"We're actually pretty good at rocket science."

The Curiosity rover’s Mars landing is only the most recent instance of the awe-inspiring advances made by the physical sciences. Our wonder at such achievements has even become codified in our language. “It’s not rocket science!” is the standard invocation to suggest a problem just requires common sense instead of the complex physics of, say, landing rovers on far-away planets. The phrase has been directed at everything from Social Security to healthcare, and yes, to poverty alleviation programs.

But, as I heard recently from researcher Duncan Watts, social science “is not rocket science—we’re actually pretty good at rocket science.” He proceeded to list a bunch of “hard” science things that humans have figured out quite well—vaccines for diseases, satellites in orbit, and any number of biological, chemical, and technological advances. The issues explored by “soft” science—how to get people vaccinated, prevent civil wars, and bring about gender equality—now that’s the hard stuff.

Why do issues in the social sciences seem so easy, and those in the physical sciences so hard? Part of the problem is that our human desire to be meaning-makers leads us to create what we think are perfectly logical explanations for just about any event, often extrapolating from our own experience to large-scale issues. The explanations seem obvious, but that is only because the event they explain has already occurred.

This tendency to think we understand human behavior because we are very good at explaining it ex post makes people think that there is something obvious about the results of social science research. Yet social science research is littered with cases where one study revealed a “common sense” conclusion and years later another study revealed an equally “common sense” (but opposite) result.  This is where Watts gets the title of his book, “Everything is Obvious *Once You Know the Answer” (read an excerpt here). The problem is not trivial—it has serious consequences for how we approach the search for solutions to social problems. Watts argues that one of the first steps to making progress on these social science challenges is to stop assuming we already know the answer, based on our own experience and anecdotes, and get serious about treating social science more like we treat the physical sciences. Watts is uniquely positioned to comment on this; he was trained in physics and theoretical and applied mechanics, has been a professor of sociology, and is now a principal researcher at Microsoft Research. He was also one of the first movers in using large datasets of actual behavior, such as those produced by online networking sites, which he used to debunk the “Tipping Point” theses for instance.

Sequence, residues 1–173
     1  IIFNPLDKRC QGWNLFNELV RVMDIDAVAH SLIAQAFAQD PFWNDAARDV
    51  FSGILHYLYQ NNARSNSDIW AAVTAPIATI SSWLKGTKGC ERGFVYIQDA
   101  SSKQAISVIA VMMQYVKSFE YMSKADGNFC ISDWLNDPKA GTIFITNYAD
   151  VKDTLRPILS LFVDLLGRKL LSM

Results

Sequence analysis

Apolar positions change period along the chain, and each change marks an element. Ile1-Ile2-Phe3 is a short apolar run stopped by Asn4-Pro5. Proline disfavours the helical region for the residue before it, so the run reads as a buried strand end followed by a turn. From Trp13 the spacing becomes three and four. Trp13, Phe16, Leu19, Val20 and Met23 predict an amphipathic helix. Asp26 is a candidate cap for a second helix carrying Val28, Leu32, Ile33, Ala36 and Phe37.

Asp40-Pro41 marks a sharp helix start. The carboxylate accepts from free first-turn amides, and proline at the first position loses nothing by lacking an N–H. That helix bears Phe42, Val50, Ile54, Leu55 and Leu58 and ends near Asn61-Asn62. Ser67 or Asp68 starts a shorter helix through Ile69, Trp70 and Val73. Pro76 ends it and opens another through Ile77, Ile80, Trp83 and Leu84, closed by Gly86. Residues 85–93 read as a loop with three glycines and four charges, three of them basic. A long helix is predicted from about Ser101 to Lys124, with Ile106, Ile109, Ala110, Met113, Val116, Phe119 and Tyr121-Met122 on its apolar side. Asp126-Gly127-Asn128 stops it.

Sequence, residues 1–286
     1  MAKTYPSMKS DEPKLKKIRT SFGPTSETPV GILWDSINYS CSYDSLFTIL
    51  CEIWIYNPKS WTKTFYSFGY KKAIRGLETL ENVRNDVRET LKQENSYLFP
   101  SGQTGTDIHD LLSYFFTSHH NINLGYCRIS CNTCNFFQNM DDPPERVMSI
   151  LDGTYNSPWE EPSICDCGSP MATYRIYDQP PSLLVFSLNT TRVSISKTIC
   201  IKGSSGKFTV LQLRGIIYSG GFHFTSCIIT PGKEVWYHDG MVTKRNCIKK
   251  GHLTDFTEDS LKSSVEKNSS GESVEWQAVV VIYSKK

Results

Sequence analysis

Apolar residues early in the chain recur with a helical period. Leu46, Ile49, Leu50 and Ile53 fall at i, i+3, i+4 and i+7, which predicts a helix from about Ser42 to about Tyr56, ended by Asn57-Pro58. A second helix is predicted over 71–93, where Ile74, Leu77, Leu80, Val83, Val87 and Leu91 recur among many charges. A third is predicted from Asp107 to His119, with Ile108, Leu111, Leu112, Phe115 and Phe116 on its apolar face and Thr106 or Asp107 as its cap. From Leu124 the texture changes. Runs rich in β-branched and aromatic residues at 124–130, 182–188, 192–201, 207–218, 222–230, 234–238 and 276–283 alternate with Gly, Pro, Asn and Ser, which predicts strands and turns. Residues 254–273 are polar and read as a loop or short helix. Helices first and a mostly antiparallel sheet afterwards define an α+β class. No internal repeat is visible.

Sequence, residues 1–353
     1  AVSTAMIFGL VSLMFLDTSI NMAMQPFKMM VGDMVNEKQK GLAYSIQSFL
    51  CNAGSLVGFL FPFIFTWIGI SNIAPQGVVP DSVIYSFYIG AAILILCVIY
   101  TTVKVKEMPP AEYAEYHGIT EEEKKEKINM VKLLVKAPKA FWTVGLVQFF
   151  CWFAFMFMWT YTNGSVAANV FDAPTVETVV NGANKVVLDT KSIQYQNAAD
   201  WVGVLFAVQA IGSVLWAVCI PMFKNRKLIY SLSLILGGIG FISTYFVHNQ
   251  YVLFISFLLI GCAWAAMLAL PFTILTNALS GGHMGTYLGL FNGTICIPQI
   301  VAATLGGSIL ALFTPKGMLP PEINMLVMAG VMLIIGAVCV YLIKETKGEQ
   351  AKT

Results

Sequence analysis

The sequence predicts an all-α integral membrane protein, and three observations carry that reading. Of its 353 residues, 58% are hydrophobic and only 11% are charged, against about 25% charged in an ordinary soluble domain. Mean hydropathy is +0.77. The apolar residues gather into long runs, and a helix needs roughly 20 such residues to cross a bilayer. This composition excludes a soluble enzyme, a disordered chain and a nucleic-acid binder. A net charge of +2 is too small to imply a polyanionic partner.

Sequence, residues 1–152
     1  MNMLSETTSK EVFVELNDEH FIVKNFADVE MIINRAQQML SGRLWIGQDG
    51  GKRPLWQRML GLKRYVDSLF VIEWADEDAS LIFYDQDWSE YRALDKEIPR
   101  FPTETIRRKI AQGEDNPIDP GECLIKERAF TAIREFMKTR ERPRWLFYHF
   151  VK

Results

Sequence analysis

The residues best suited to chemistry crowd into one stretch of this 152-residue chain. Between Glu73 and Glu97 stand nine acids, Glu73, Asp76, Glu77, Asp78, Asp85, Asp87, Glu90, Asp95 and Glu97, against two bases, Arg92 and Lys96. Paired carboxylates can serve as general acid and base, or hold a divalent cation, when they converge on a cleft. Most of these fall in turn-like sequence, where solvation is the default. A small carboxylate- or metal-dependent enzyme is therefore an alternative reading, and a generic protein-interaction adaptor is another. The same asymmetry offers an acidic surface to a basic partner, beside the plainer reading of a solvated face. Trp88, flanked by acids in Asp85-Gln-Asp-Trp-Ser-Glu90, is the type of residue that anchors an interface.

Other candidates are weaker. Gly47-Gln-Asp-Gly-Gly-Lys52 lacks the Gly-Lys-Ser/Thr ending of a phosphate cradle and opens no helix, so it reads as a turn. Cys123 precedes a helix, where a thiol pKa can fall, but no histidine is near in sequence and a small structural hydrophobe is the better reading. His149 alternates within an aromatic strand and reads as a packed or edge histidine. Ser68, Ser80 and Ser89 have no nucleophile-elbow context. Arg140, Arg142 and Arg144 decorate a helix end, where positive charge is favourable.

The good news is that we are moving closer to reliance on scientifically generated and evidence-based policy. In the field of poverty alleviation, researchers are recognizing the importance of studying the “obvious”, and are uncovering non-obvious results about human behavior. Take the conventional wisdom on something like bednets. The initial “common sense” approach was to give away bednets. Then, some suggestive evidence yielded a new common sense take: selling bednets was a better approach so that people would  value and thus use them. It seems perfectly reasonable that people would not properly value (and perhaps even discard) a giveaway. Then an RCT among women visiting prenatal clinics in Kenya  found that even a very small positive price limited take-up in that population, while free distribution increased use. This, too, seems perfectly reasonable—of course low-income pregnant women would be put off by having to pay for a new health item. (For the record, we’re still sorting out the best bednet delivery strategy—some researchers now argue for a mixed free/commercial approach targeted by subpopulation, and recent work finds that one-time free distribution may encourage willingness to purchase bednets later on.)  In other words, it’s not obvious.

Financial access has its share of reversals of conventional wisdom too. From the early days of the microcredit movement, it was thought obvious that group liability was the innovation that had achieved high repayment rates. But it turns out that group liability isn’t the only way to get those results. Others think it is obvious that poor people can’t save; yet many very low income people are in fact active savers.  And finally, the big “obvious” conclusion about the impact of microcredit, that it functions through entrepreneurship and investment to transform lives, has proven in need of adjustment

We may be a while away from a shift to a world where the phrase “it’s not social science” is commonplace, but even rocket science had to start with a few brave satellites.